Redis is a popular open-source in-memory database that supports multiple data structures like strings, hashes, lists, and sets. But similar to other tools, we can scale standalone Redis to a particular extent, but not beyond that. That’s why we have a cluster mode setup in which we can scale Redis nodes horizontally and then distribute data among those nodes.
Generally, we categorize the Redis setup into three different types:
In a Standalone setup, the complexity is minimal, but we cannot scale the solution if the data increases. Also, the fail-over and high availability will not be supported inside it.
Speed fascinates everyone, but only if its under control.
It is well said and a proven fact that everyone needs to implement a cache at some point in their application lifecycle, and this has become our requirement too.
During the initial phase we placed Redis in a Master Slave mode with next phase involving Sentinal setup to withstand Master failover. I would like to throw some light on their architecture along with pros and cons so I can put emphasis on why I finally migrated to Redis Cluster.
Redis replication is a very simple to use and configure master-slave replication that allows slave Redis servers to be exact copies of master servers.
What forced me to look for Redis Sentinel
When using Master-Slave architecture
There will be only one Master with multiple slaves for replication.
All write goes to Master, which creates more load on master node.
If Master goes down, the whole architecture is prone to SPOF (Single point of failure).
M-S architecture does not helps in scaling, when your user base grows.
So we need a process to Monitor Master in case of failure or shutdown, that is Sentinel.
I was still concerned about the below Sharding of data for best performance
Concept of Redis Cluster
“A query that used to take an hour can run in seconds on cache”.
Redis Cluster is an active-passive cluster implementation that consists of master and slave nodes. The cluster uses hash partitioning to split the key space into 16,384 key slots, with each master responsible for a subset of those slots.
Each slave replicates a specific master and can be reassigned to replicate another master or be elected to a master node as needed.
Each node in a cluster requires two TCP ports.
One port is used for client connections and communications. This is the port you would configure into client applications or command line tools.
Second required port is reserved for node-to-node communication that occurs in a binary protocol and allows the nodes to discuss configuration and node availability.
When a master fails or is found to be unreachable by the majority of the cluster as determined by the nodes communication via the gossip port, the remaining masters hold a vote and elect one of the failing masters’ slaves to take its place.
Rejoining The Cluster
When the failing master eventually rejoins the cluster, it will join as a slave and begin to replicate another master.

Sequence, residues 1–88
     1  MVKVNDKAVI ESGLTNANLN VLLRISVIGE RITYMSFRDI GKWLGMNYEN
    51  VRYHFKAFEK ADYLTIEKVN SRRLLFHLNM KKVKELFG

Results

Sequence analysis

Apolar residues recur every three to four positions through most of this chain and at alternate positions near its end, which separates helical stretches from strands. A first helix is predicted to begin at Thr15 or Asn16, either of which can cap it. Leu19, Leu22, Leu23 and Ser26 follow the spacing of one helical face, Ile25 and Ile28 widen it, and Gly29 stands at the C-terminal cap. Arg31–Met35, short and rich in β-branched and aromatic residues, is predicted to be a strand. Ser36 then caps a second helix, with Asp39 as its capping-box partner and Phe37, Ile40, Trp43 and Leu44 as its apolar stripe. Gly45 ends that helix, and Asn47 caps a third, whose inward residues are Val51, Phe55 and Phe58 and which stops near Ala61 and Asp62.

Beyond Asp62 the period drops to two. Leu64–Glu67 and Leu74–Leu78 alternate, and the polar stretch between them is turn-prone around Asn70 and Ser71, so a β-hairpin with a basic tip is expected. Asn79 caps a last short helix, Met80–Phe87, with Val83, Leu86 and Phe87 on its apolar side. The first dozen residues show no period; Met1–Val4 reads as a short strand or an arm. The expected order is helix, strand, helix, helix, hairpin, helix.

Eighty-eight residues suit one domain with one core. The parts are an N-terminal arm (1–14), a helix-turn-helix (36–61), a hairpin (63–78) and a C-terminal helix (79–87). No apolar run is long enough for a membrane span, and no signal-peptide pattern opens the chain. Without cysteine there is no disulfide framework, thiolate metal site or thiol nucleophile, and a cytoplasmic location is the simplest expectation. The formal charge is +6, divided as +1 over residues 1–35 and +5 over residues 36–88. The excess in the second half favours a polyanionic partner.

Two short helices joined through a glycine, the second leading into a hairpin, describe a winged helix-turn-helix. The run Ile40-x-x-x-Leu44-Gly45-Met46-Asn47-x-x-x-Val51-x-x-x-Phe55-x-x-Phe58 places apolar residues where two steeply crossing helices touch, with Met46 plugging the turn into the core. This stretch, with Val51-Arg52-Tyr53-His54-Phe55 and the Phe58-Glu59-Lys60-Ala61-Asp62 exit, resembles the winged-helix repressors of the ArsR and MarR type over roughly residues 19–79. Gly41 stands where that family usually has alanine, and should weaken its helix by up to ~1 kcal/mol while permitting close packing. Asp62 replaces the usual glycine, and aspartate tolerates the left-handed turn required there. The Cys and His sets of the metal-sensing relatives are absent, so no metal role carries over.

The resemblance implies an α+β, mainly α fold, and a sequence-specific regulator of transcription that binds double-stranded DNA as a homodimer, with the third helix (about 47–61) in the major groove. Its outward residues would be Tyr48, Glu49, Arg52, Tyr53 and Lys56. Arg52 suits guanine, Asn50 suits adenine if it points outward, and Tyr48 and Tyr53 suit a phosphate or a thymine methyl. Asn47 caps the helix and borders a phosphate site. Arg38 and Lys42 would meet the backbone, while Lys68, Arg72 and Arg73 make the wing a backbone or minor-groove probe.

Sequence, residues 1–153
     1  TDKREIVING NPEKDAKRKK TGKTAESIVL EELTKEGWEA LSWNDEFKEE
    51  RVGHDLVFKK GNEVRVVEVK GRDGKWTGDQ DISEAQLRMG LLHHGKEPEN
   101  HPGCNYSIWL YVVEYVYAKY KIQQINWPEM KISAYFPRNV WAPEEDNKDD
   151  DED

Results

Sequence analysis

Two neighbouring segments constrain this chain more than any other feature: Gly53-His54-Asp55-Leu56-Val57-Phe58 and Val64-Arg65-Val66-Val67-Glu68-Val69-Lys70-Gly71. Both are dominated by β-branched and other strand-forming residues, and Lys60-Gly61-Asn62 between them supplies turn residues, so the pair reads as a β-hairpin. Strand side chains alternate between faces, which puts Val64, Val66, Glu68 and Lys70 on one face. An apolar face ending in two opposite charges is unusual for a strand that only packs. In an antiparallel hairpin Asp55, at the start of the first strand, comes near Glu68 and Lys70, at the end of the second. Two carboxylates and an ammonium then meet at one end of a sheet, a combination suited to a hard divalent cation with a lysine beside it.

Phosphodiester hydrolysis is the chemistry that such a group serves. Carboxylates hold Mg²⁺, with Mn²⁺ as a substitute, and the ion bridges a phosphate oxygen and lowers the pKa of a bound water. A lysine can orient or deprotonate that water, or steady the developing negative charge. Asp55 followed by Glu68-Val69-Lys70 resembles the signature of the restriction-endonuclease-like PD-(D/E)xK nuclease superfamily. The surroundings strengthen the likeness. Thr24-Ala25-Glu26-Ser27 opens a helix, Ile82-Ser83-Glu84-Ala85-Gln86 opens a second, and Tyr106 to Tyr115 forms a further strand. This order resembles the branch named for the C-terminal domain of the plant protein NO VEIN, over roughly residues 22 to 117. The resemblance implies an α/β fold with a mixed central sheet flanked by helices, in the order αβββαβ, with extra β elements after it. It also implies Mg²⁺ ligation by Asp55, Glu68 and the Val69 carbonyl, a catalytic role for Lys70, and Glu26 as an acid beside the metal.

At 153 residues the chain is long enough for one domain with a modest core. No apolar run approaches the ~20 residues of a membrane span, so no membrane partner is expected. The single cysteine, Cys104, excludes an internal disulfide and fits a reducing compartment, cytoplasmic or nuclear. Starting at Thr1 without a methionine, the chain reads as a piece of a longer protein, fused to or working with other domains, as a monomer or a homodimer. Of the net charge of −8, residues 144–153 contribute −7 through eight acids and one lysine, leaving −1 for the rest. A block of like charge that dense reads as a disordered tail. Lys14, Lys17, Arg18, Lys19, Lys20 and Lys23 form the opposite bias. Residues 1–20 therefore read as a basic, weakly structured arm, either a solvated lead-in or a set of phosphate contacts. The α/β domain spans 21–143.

Redis sharded data automatically into the servers. Redis has a concept of hash slot in order to split data. All the data are divided into slots. There are 16384 slots. These slots are divided by the number of servers.
If there are 3 servers; A, B and C then
Server 1 contains hash slots from 0 to 5500.
Server 2 contains hash slots from 5501 to 11000.
Server 3 contains hash slots from 11001 to 16383.
6 Node M/S Cluster
In a 6 node cluster mode, 3 nodes will be serving as a master and the 3 node will be their respective slave.
Here, Redis service will be running on port 6379 on all servers in the cluster. Each master server is replicating the keys to its respective redis slave node assigned during cluster creation process.
3 Node M/S Cluster
In a 3 node cluster mode, there will be 2 redis services running on each server on different ports. All 3 nodes will be serving as a master with redis slave on cross nodes.
Here, two redis services will be running on each server on two different ports and each master is replicating the keys to its respective redis slave running on other node.
WHAT IF Redis Goes Down
1 node goes down in a 6 node Redis Cluster
If one of the node goes down in Redis 6-node cluster setup, its respective slave will be promoted as master.
In above example, master Server3 goes down and it slave Server6 is promoted as master.
1 node goes down in a 3 node Redis Cluster
If one of the node goes down in Redis 3-node cluster setup, its respective slave running on the separate node will be promoted to master.
In above example, Server 3 goes down and slave running on Server1 is promoted to master.
Redis service goes down on one of the 3 node Redis Cluster
If redis service goes down on one of the node in Redis 3-node cluster setup, its respective slave will be promoted as master.
Although, this methodology will prevent Redis Cluster in partial Failover scenarios only, but if we want full failover we need to look for Disaster Recovery techniques as well.
Well this implementation helped me having a sound sleep while thinking of Redis availability, sharding and performance.